“My final point is that whatever money we save from the House of Lords should be given to MPs—not in pay but to run our offices”.—[Official Report, Commons, 18/6/18; col. 13WH.]
But I do not believe that there is a public appetite for the abolition of the second Chamber.
My Lords, I do not favour election, but does the Minister not agree that it might constitute a worthwhile advance if Members of this House were still to be appointed, possibly by an appointments commission, but greatly strengthened by a system of nominations from the different branches of civil society, such as the law, medicine, the arts, sport, education, the armed services, business, trade unions, the third sector, and so on?
I agree that all those professions and interests should be represented in your Lordships’ House and that the Cross Benches have a good representation of those interests. I think there is a quota of Peers allocated each year to HOLAC in order to appoint more Cross-Bench Peers. All this is against a background of the Prime Minister exercising restraint on political appointments. The recent Dissolution Honours List was the smallest since 1979—and here I warmly welcome my noble friend Lord Haselhurst.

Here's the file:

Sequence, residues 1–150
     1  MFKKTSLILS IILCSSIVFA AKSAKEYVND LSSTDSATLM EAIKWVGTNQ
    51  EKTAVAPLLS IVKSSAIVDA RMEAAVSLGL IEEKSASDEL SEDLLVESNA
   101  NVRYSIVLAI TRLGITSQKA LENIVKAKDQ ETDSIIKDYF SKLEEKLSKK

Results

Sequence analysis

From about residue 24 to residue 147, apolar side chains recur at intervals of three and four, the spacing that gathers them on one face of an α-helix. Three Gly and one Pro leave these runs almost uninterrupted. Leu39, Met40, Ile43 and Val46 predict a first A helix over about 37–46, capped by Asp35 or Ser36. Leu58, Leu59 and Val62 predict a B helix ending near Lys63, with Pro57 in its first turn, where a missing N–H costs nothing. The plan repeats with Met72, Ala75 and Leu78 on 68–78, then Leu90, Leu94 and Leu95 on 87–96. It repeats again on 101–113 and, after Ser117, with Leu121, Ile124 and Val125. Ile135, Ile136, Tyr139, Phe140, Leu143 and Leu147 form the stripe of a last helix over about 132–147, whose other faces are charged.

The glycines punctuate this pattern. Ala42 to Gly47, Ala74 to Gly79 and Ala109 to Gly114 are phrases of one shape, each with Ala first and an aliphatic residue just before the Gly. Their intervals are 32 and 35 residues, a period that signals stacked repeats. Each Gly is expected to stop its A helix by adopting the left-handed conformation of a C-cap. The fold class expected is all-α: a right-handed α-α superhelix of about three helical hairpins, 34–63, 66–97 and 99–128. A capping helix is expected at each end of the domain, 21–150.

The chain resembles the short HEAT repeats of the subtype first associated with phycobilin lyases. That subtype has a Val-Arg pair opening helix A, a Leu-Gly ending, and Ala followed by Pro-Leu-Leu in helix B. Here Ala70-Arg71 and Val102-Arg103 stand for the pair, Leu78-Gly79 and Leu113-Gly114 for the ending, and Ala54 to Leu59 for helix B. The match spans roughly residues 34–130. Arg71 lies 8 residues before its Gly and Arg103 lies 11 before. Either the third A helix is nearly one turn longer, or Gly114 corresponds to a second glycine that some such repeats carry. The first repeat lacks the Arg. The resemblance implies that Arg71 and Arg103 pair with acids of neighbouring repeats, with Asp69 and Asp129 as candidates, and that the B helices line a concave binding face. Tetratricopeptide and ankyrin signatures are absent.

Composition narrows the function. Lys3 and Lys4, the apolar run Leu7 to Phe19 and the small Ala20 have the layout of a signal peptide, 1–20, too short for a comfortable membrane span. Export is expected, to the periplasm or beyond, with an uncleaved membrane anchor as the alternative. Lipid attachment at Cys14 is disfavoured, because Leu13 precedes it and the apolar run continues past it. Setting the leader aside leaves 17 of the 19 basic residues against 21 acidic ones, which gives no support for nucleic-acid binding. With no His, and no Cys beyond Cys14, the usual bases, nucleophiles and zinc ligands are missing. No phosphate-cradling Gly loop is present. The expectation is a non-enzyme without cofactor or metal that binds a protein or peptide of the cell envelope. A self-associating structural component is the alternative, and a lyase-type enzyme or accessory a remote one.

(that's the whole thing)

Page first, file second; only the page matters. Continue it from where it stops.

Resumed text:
My Lords, I think most noble Lords would accept the idea that the size of the Chamber needs to be reduced, and it will be in due course, but does my noble friend agree that in the recent passage of the European Union (Withdrawal) Bill the House of Lords proved its value, working across party, across the House, together to make significant improvements to the Bill?
The House of Lords played its traditional role as a scrutinising Chamber, looking at legislation that came before it. Some amendments were made, and I am glad that, when it came to the second stage of ping-pong, the House recognised the primacy of the elected Chamber.